Let the kids try different activities at a young age. Sometimes they don’t know if they like something until they try it out.
2. Try Clinics of Camps Before Committing
Don’t enroll your child in three sports at the same time to see which one they like or excel at. Doing so will make your kid overscheduled. Instead, you can use the summer break or preseason camps or clinics to try a variety of activities they are interested in.
As an example, all three of my children said that they wanted to do lacrosse. We had already tried soccer, and it was not successful for two out of three of them. They would rather chase butterflies down the field or play tag than actually participate in their games. Therefore, before committing to lacrosse and spending a great deal of money on their gear, I signed them up for a sample clinic. It was a one-day program that intended to expose children to the sport and see if they would perhaps enjoy playing it. I was surprised to find that the three kids enjoyed lacrosse, so we signed up for the season. It was nice to be able to see them try out the sport in a clinic before committing to an entire season.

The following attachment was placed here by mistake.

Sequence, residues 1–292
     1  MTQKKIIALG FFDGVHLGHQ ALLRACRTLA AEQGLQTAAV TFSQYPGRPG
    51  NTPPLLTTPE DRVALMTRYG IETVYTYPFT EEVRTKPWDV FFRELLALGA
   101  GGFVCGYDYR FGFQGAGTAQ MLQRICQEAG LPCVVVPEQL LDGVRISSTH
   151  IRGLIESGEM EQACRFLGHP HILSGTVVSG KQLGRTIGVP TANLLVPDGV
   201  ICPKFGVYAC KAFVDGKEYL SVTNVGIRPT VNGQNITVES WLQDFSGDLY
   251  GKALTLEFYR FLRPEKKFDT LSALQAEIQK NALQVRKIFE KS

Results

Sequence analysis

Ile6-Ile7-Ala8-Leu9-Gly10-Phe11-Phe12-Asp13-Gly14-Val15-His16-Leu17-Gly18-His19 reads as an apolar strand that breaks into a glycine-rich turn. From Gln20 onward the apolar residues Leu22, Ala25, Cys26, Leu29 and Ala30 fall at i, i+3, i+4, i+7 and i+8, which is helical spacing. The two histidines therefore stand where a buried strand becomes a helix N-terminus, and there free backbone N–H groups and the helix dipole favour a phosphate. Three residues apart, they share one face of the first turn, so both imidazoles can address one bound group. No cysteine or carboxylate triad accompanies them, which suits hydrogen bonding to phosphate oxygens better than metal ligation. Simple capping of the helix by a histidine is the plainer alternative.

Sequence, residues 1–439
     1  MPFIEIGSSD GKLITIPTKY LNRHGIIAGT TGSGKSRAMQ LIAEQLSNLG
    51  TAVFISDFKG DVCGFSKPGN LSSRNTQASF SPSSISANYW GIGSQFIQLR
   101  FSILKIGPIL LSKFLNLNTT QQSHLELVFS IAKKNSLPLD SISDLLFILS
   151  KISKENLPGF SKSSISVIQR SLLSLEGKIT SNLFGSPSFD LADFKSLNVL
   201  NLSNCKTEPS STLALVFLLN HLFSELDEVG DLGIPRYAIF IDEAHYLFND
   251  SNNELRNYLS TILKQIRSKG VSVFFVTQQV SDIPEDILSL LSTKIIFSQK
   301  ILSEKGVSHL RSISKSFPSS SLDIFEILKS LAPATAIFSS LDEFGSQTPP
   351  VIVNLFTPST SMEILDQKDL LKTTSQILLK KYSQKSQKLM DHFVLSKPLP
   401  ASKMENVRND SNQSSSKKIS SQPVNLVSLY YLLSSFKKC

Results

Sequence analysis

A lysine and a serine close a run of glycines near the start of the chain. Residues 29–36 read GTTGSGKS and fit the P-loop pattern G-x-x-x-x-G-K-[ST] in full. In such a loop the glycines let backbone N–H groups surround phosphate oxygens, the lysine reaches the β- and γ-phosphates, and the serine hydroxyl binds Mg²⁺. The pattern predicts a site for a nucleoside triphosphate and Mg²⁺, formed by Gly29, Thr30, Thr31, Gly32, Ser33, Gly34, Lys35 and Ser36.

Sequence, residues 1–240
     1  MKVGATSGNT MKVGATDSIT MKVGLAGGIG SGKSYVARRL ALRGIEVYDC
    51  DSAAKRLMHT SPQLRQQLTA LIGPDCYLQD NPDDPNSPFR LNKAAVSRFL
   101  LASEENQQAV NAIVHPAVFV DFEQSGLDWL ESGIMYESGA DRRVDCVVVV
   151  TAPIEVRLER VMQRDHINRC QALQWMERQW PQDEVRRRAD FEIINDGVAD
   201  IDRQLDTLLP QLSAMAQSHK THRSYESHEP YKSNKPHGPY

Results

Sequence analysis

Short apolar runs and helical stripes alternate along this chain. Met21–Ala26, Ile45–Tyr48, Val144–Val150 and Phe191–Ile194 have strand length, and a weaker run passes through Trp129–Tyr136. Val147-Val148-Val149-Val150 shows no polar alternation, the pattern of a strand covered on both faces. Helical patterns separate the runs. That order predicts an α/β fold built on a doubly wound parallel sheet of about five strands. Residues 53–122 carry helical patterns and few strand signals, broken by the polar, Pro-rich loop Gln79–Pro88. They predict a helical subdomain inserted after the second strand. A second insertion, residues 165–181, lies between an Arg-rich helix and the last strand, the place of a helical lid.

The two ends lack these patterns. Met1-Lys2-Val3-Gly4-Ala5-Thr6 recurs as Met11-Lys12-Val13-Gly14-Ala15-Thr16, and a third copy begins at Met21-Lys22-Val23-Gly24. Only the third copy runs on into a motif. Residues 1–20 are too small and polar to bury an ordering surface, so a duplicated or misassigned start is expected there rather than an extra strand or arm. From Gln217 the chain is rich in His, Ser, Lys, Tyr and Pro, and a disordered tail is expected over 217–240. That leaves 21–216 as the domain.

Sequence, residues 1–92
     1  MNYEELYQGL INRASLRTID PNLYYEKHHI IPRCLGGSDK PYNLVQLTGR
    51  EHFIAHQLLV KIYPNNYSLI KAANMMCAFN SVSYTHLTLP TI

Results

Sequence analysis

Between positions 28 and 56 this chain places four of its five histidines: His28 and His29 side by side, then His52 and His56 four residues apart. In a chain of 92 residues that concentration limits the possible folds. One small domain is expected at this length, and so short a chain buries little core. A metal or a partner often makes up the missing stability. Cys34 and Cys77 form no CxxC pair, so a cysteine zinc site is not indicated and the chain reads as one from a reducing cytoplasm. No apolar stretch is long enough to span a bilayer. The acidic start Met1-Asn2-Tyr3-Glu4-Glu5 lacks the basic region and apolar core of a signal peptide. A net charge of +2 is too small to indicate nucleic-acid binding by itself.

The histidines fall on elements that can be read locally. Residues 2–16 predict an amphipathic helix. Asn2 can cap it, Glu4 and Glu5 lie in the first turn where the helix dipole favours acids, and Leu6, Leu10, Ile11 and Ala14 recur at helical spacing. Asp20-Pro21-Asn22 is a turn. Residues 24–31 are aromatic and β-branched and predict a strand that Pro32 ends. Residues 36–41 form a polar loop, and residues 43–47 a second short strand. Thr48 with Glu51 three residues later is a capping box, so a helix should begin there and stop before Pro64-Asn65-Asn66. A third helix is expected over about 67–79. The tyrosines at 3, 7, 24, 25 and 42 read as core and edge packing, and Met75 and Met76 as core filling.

Most towns and cities have parks and recreation department. This is often a good place to check for clinics and camps for various activities. Our local department even offers art and dance classes. Most of them meet between two and four times total, so the children can get some exposure to the activity before signing them up at a private facility for a more long-term commitment.
3. Take an Inventory of Your Weekly Activities
Often, we do an activity without reflecting on how much we are already committed to doing each week. Before we commit to any more activities, we must be willing to look at everything that each family member does. Every child’s commitment is another responsibility for the parent as well. Parents must take children to and from each practice, so you need to consider the drive time for any activity.
For instance, if each of my three kids signed up for three different activities each week, I would be running myself ragged. Three activities for three kids means taking them to nine activities during the week. That doesn’t include the games that will likely be scheduled on the weekends. Three activities for every child, therefore, is too much for our family.